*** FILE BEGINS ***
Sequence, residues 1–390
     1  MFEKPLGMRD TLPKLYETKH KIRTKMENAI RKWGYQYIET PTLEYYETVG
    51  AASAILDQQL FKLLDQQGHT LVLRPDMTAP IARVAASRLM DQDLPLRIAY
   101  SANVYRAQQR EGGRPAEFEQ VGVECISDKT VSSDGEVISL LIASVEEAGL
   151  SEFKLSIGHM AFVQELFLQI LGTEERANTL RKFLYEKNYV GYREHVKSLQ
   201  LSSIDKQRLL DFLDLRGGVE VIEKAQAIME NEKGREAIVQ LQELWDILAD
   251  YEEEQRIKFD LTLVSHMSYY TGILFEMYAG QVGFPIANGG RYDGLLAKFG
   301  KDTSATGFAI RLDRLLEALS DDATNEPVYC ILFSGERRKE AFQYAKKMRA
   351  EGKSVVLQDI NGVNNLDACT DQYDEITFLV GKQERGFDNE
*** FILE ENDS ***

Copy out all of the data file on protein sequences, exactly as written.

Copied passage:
Sequence, residues 1–390
     1  MFEKPLGMRD TLPKLYETKH KIRTKMENAI RKWGYQYIET PTLEYYETVG
    51  AASAILDQQL FKLLDQQGHT LVLRPDMTAP IARVAASRLM DQDLPLRIAY
   101  SANVYRAQQR EGGRPAEFEQ VGVECISDKT VSSDGEVISL LIASVEEAGL
   151  SEFKLSIGHM AFVQELFLQI LGTEERANTL RKFLYEKNYV GYREHVKSLQ
   201  LSSIDKQRLL DFLDLRGGVE VIEKAQAIME NEKGREAIVQ LQELWDILAD
   251  YEEEQRIKFD LTLVSHMSYY TGILFEMYAG QVGFPIANGG RYDGLLAKFG
   301  KDTSATGFAI RLDRLLEALS DDATNEPVYC ILFSGERRKE AFQYAKKMRA
   351  EGKSVVLQDI NGVNNLDACT DQYDEITFLV GKQERGFDNE